This is why it’s important to stay current with research, as well as to learn how to read studies and see flaws in them. There are lots of things I recommended to clients a couple years ago that I’ve made a 180 on. I will say the one reason I’ll still sometimes suggest BCAAs is if I know a client isn’t getting enough protein and they don’t like drinking protein shakes.
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Here’s a powerpoint slide from my talk on supplements, where I discuss how BCAA supps are nothing more than expensive, redundant calories.
The high-quality proteins in our diets are comprised of roughly 18-26% BCAA as it is. Supplementing with extra BCAA on top of that can range from adding extra unnecessary calories (and metabolic burden), to potentially inhibiting optimal use of ingested amino acids.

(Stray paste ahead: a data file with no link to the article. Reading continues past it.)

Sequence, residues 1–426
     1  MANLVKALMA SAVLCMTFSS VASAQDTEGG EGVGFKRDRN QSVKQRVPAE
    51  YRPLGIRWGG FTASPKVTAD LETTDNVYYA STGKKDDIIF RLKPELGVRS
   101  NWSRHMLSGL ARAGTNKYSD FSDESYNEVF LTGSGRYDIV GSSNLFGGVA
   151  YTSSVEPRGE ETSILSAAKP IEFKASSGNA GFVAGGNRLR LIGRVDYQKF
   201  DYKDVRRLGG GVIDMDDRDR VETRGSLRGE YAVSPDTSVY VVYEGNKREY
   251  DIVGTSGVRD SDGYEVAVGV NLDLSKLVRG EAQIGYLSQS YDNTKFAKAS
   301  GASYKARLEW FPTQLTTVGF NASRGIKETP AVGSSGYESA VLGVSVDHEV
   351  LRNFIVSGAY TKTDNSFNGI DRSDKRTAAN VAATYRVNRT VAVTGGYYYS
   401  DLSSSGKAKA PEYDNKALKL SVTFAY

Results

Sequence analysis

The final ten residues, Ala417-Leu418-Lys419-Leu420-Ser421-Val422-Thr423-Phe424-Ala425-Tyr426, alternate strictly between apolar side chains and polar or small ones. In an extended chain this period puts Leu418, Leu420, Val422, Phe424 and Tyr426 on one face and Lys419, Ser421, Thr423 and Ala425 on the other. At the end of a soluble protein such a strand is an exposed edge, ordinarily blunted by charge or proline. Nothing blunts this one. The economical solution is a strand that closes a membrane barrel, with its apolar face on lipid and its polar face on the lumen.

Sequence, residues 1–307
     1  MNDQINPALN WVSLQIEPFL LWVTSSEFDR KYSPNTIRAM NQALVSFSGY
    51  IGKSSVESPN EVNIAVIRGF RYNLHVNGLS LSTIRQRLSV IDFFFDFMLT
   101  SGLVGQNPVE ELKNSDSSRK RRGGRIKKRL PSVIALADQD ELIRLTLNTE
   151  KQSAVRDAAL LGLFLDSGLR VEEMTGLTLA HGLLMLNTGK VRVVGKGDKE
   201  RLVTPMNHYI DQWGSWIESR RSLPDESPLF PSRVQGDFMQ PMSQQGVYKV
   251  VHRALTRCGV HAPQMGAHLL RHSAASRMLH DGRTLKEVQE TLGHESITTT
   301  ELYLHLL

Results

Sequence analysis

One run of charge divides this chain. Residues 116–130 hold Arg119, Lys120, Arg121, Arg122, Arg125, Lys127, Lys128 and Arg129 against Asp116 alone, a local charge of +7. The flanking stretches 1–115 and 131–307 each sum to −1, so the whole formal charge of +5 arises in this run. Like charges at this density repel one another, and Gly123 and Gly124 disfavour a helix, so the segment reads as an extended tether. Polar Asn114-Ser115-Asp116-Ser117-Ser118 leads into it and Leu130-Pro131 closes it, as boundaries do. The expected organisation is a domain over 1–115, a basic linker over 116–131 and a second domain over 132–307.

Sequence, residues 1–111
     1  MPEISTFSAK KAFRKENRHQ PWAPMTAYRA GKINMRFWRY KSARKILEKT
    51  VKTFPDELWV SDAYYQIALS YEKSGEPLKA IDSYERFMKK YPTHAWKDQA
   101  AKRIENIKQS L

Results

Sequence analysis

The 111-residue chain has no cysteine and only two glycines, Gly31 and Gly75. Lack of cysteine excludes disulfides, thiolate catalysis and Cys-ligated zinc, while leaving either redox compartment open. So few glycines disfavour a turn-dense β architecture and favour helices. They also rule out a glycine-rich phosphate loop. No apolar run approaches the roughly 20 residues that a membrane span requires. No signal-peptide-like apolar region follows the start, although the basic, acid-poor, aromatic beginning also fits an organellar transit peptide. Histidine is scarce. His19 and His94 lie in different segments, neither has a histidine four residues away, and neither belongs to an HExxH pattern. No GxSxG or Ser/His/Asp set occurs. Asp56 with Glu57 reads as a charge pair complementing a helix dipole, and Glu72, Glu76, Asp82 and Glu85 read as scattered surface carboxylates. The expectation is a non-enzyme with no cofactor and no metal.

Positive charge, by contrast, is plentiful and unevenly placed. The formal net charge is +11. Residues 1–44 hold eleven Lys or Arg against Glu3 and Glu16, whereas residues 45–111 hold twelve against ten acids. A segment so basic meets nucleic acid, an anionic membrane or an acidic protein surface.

It's LOL to supp with BCAA to begin with, instead of an intact, high-quality protein such as whey, which provides the rest of the EAAs as well as other co-factors for anabolism. But it’s all moot if you're getting enough total daily protein anyway. Protein intake for the primary goal of muscle growth is optimized at 1.6-2.2 g/kg (0.7-1.0 g/lb).
All of the BCAA supplementation research compares BCAA with a non-nitrogenous placebo, or nothing at all. None of the studies - including studies on muscle soreness - compare BCAA with an isocaloric dose of protein (let alone doing that within a protein-optimized diet). I scoured the literature and found that the studies showing no effects outnumber the studies showing positive effects (on body comp and/or exercise performance) by 2 to 1. Bottom line: BCAAs are a bad bet.
The claim that BCAA supplementation is crucial for vegans is misleading as well. The essential amino acids (EAAs) whose bioavailability is most commonly affected by vegan diets include methionine, tryptophan, phenylalanine, lysine, and threonine. So, for this population, it’s about achieving overall completeness, not just BCAA.